They have a human form and they also have a monstrous form and the monstrous form. Comes out more and more the deeper into the book we go they become less and less [00:05:00] human and more and more monstrous. But yeah, we’re definitely not going down the, the vampire diaries or the Twilight route, although I have a great deal of respect for both of those.
They’re just a different kind of story than what I wanted to tell. Yeah. You’re
Melissa: more going down that horror route, essentially.
Rich Davis: Absolutely. Culture Dracula is a pure. Horror story. I am a huge fan of horror films or books, and I really wanted to create a story that I would be proud of as a horror fan.
And I hope that, you know, horror fans and fanatics all over the world are Engaged and impressed by what we’ve got going on here.
Melissa: Okay. Now, without giving too much away. And if he can’t talk about it, I, I understand cause you don’t want to spoil too much, but do you introduce any other types of supernatural creatures, like werewolves or witches or anything like
Rich Davis: that there?
There aren’t any other supernatural beings per se Well, you know what, I’m going to take that back [00:06:00] because we do explore the origins of Lillis. And so that does involve angels and demons and things like that. So we do try to tie them together. And then a lot of the mythologies that we drew from.
From around the world involve other creatures that we may not always associate with vampires, but in other cultures they have been considered to have vampire like traits, things like Lamea and mermaids sirens, the Windigo things like that. They have commonality with. Our modern interpretation of vampires in the Hindu culture, the natala things like that.
We do tie that into the mythology, but you know, there’s no there’s no ghosts or werewolves or which is. W or anything like that, it definitely sticks to tying these different vampiric creatures into themselves.
Melissa: Okay. So it sounds like you did a lot of research, [00:07:00] which is, which is awesome.
Rich Davis: Yes, I absolutely did.
Probably more than I needed to, but it was, it was fun research. I mean, enjoy reading these stories and things and uncovering all these, you know, you just little legends that people have told around campfires for, you know, for generations. I mean, it’s really cool to discover those things and you know, it’s like you start pulling one thread and it leads you over here and then that leads you over to there.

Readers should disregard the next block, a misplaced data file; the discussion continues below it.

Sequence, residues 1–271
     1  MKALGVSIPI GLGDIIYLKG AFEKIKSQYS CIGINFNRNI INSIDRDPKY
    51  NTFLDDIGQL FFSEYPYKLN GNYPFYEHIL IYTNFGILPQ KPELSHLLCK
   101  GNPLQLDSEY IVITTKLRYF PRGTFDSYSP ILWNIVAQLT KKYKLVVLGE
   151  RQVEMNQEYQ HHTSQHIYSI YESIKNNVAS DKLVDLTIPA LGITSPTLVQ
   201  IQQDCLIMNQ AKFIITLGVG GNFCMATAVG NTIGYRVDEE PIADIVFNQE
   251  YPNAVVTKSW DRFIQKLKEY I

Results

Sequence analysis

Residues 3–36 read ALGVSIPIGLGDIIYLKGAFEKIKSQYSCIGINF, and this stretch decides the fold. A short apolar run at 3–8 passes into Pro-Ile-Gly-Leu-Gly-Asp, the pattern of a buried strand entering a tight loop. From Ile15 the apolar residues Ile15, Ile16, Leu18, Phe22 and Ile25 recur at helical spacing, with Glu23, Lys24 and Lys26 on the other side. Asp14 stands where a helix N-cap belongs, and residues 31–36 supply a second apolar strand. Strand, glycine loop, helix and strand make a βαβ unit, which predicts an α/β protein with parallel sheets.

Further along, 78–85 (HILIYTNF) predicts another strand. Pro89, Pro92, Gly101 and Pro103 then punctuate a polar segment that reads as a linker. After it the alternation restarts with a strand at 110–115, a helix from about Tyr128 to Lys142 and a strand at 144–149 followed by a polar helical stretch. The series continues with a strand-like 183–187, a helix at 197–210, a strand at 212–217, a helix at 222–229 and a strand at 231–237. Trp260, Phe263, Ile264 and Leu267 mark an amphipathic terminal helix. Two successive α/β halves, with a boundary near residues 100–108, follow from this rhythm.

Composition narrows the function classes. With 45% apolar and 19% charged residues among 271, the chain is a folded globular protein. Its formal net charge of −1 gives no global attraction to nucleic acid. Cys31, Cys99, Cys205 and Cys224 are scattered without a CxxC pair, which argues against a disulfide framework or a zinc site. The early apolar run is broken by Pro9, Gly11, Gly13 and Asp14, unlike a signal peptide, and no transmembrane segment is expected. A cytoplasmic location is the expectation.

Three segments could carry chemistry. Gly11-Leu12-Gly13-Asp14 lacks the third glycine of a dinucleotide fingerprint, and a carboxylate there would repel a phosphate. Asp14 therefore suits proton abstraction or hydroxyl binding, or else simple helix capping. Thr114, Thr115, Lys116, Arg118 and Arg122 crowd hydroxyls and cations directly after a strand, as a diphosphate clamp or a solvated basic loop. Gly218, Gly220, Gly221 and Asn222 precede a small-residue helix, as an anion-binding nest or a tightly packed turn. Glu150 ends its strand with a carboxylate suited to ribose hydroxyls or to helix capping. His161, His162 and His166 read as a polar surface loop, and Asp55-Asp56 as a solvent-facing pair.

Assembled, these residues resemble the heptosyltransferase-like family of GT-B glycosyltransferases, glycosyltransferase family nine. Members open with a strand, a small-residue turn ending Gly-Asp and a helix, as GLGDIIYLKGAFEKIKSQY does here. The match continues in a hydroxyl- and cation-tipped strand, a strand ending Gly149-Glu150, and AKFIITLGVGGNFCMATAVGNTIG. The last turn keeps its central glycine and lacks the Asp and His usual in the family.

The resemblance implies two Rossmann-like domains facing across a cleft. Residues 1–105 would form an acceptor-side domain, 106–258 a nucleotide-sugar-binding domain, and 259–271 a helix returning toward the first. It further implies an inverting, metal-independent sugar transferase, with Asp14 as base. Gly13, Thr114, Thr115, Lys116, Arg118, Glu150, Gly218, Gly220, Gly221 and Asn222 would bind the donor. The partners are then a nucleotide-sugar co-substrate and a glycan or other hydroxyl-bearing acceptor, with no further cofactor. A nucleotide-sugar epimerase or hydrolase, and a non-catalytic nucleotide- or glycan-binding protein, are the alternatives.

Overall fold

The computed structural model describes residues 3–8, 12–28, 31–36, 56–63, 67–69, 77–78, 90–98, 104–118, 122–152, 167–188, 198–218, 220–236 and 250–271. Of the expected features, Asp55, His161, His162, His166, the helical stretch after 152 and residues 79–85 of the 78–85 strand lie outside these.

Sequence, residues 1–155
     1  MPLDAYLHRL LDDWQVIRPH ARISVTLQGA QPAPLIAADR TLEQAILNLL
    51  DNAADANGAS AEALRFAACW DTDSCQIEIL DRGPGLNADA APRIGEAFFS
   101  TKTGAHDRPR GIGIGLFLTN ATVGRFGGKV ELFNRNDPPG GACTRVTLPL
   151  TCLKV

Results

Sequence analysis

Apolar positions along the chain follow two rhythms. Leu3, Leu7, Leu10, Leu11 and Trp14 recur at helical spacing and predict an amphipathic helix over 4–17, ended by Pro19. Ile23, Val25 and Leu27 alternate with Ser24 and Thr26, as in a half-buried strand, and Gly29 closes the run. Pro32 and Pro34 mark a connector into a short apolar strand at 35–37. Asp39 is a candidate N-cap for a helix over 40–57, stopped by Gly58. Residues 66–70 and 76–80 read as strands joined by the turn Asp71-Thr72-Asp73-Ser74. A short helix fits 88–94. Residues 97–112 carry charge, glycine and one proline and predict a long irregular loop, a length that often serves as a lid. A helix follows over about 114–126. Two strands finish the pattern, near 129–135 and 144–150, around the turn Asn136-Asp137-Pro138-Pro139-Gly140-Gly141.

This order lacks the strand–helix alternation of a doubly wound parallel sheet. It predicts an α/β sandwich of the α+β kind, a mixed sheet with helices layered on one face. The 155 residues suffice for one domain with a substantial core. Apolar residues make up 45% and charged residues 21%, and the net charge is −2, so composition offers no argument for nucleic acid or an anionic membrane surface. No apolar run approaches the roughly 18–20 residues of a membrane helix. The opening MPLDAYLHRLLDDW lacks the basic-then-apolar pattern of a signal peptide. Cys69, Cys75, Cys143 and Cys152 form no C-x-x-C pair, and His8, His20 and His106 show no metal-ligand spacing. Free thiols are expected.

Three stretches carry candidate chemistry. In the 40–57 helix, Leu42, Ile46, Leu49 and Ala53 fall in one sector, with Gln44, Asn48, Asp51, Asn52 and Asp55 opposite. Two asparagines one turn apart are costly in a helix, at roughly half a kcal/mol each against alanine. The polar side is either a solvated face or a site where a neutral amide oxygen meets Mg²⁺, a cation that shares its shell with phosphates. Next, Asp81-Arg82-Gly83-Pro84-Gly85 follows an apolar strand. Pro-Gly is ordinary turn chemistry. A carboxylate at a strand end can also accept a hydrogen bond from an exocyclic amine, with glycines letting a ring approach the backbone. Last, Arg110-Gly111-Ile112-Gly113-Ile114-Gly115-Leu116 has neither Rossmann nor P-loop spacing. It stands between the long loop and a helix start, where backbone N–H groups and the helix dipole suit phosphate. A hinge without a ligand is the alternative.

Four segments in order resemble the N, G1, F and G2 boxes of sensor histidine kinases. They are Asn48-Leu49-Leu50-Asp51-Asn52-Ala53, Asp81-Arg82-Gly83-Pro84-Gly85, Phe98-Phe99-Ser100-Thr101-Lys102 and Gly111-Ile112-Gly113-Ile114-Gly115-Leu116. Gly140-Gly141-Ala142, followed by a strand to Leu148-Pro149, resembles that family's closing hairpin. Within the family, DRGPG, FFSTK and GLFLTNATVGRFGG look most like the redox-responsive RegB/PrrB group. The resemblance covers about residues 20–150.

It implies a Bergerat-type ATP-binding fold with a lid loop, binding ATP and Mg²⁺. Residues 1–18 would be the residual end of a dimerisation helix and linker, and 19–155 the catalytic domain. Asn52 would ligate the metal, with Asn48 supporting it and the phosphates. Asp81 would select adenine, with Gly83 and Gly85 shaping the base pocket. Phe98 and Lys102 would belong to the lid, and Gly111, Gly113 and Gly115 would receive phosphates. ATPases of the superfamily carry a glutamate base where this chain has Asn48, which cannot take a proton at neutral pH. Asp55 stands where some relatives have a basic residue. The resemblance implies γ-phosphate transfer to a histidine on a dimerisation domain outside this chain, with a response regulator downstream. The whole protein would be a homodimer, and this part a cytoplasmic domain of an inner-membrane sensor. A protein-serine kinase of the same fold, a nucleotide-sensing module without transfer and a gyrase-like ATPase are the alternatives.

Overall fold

So yeah, it was, it was quite a bit of fun.
Melissa: Yeah, no. And one of my favorite mythologies of vampires is, is the labia, you know, story. And I actually, I based an entire book around that mythology as well. Yeah, I know she’s it was just, there’s so much darkness there. And it’s so like you were saying more of the horror vein rather than like the romanticized vein.
What I also found interesting when I was reading about you was that you kind of. Delve into the the brides of, of Dracula. And it [00:08:00] kind of reminded me somewhat of the casket girls from new Orleans. What made you, you know, what inspired you to kind of delve into that? Because as as we all know, they don’t really in the original Bram Stoker’s Dracula.
You don’t get to know much about the brides. They’re just sort of there, you know, as, you know, accompany. Minions, whatever you want to call them. So what, what inspired you to kind of delve into that?
Rich Davis: Yeah, I’ve always found the brides to be very fascinating creatures and you know, you’re right in Stoker’s original work there.
They’re barely referenced maybe three times throughout the entire novel, but they make such an impact on the overall story. Or at least they made an impact on me. Growing up, reading it, and then later watching the Francis Ford Coppola adaptation with the film and, you know, Stoker used them to symbolize everything that a Victorian man was afraid of, you know, a woman, you know, [00:09:00] she’s independent and sexually voracious.
And so they served a purpose in his book, which, you know, Dracula is often viewed as a commentary on Victorian hypocrisy towards sexuality. So in that context, they serve a very symbolic role, but I wanted soon. Explore them more and give them their own individual individuality, they’re their own unique backstories.
And because in, in cult Dracula, the brides serve kind of as Dracula as Harold’s like, they arrive first before we ever meet. Dracula. And they, you know, we, we, we toy around with them and we, you know, we kind of get the idea that they’ve been with Dracula for a very, very long time. They they’re kind of high priestesses in any way.